Happy 4th of July…

Ah, the all American, Eurasian immigrant, beloved by children and many adults. The White Clover (Trifolium repens) is considered an agressive weed by landscapers and homeowners. Children love to make clover chains necklaces as a summer pasttime. Copyright 2018 Pamela Breitberg

One MUST lie down in the grass to relish the sweet beauty of the White Clover. I love this Americanized immigrant! Copyright 2018 Pamela Breitberg


A weed for my sister…

This is for you, Bee! I know how you (DON’T) love Violets. You know I don’t consider them weeds. We agree to disagree!

Macro image of the hardy Violet. I love them because as a child they were the only flowers in our yard my mother let us freely pick. Most consider it a weed. After all a weed is anything that is growing that one does not want in their garden. Copyright 2018 Pamela Breitberg

Fun possibilities…

‘Tis the season of the ever loved/hated Dandelion (Taraxacum officinale). Loved by children. Hated by most adults; myself excluded now that I no longer have my own garden. A child’s eye level view of the Dandelion is the best! Copyright 2018 Pamela Breitberg

Close up view of the fun loving seedhead; enticing children of all ages to help spread the seads with a mighty puff of air. Though considered a weed, the Dandelion is edible in it’s entirety. Copyright 2018 Pamela Breitberg

Considered a weed because the Dandelion is a prolific producer, flourishing almost anywhere. Copyright 2018 Pamela Breitberg

What is real after all…

When a photo is of a painted plant is any of it real? This was on the side of a building on Las Olas Blvd in Ft. Lauderdale. Copyright 2018 Pamela Breitberg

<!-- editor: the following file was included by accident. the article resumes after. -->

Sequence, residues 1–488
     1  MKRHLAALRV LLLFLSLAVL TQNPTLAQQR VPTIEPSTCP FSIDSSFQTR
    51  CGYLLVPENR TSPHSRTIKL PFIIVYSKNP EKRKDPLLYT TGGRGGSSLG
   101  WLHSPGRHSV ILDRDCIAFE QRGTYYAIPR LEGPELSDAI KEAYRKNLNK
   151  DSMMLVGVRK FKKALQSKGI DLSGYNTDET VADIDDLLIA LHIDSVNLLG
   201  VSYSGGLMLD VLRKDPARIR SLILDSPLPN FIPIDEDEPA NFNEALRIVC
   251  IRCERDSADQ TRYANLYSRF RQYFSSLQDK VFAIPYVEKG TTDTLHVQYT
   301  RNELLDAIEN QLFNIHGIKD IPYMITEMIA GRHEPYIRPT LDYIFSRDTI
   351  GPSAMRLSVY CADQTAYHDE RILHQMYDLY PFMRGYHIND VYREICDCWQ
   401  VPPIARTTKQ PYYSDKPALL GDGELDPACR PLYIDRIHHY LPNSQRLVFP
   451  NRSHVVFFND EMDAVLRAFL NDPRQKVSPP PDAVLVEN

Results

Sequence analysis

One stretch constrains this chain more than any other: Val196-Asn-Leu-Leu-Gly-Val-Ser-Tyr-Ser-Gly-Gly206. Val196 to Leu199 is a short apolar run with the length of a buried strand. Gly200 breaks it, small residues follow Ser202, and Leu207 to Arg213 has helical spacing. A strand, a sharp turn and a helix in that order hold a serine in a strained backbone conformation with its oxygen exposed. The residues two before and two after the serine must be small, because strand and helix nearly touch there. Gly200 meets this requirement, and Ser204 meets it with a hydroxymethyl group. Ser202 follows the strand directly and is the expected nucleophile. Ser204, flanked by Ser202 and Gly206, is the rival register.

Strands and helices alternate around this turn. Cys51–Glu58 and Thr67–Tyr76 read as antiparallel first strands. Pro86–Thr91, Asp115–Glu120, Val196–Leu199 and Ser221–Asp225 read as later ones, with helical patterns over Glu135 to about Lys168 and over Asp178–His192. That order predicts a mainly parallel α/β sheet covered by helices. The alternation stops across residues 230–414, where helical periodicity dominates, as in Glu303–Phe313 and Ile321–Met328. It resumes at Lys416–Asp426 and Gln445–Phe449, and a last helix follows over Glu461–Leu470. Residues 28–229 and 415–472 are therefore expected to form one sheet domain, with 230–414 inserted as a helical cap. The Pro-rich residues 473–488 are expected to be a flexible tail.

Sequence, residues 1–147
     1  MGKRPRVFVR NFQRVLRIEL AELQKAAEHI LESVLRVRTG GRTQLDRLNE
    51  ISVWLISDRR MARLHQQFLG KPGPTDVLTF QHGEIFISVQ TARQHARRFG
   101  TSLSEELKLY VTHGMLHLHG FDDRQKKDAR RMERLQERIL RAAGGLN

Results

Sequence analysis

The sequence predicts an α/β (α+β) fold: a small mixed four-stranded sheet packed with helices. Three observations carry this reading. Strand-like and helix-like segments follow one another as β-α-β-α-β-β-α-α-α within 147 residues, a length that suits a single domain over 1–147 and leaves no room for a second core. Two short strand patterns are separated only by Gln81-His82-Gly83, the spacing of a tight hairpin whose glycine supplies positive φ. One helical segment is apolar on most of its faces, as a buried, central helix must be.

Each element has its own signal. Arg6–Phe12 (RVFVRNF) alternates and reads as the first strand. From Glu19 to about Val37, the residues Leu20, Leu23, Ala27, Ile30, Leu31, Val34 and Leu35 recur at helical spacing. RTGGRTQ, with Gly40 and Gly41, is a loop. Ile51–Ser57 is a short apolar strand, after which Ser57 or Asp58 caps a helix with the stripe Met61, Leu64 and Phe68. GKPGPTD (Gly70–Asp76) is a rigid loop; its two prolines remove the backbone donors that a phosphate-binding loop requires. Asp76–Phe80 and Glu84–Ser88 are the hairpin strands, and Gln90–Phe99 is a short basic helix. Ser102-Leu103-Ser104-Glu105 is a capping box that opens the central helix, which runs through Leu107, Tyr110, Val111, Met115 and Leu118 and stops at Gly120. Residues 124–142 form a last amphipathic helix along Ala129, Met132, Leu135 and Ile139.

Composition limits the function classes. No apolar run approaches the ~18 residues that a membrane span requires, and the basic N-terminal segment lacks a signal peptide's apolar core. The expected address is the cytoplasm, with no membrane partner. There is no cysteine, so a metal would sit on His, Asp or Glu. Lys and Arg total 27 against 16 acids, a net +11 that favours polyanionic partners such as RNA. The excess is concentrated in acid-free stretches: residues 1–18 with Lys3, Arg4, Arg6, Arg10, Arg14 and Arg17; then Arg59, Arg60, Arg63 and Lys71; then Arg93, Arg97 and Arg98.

The plant on the wall is art; the plants on the ground against the wall are real. However since it’s all captured digitally is any of this real?! Copyright 2018 Pamela Breitberg

A creative optimist’s apparition…

Most people see a puddle with a little weedy grass growing out of a crack in the sidewalk/pavement. When I walked past this spot I saw a miniature island paradise complete with sunshine peaking out of a few clouds in blue skies. I am ever the optimist. I look imaginatively at people and things.

Puddle or someone’s paradise? I must get out the microscope; but risk being run over. Copyright 2018 Pamela Breitberg

Petite bouquets…

Eastern Daisy Fleabane (Erigeron annuus) shows up voluntarily along paths and roadsides. The flowers are thumbnail sized and bloom in bouquet arrangements tempting passersby to capture their loveliness. Today I brought them home as images saved.

Portrait of Daily Fleabane. Copyright 2017 Pamela Breitberg

Nature’s bouquet. Copyright 2017 Pamela Breitberg

Patches of blue…

Chicory and Bee. Copyright 2017 Pamela Breitberg

The blue blooms of Chicory easily draw attention against the neutral grays of concrete. Copyright 2017 Pamela Breitberg

Chicory (Cichorium intybus) graces the walls edge along Lincoln Park’s lakefront pathway. I call this plant by its nickname, “Cornflower“. Typical of many plant names both Chicory and Cornflower identify several unique species. Chicory shown here is an invasive Eurasian weed. Its cheerful blue flower is a welcome sight along an otherwise gray-toned location.

Concrete barrier along Lake Michigan serves as a flood wall and walking path in Lincoln Park. Chicory blooms appear frequently along side this pathway. Copyright 2017 Pamela Breitberg

Freedom to bind…

This is a member of the lovely vining Morning Glory family, opening its blossoms as the morning light highlights its beauty. However, this species is one of those non-native, Eurasian varieties that is a dreaded invasive visitor in American gardens. Known as Field Bindweed (Convolvulus arvensis) I enjoyed taking its portrait during a morning bike ride along a Lake Michigan pathway in Lincoln Park, far from any cultivated gardens. They appeared a fair distance from a prairie restoration area and were isolated from the golf course by a stone wall making their appearance more tolerable to the native purist. This Bind Weed did emulate its name wrapping around other vegetation proliferating this informal, unplanned area of horticulture.

Portrait of an invader (pretty but unfriendly). Copyright 2017 Pamela Breitberg

Catching the sunlight. Copyright 2017 Pamela Breitberg

Busy morning on the Bind Weed Morning Glory. Copyright 2017 Pamela Breitberg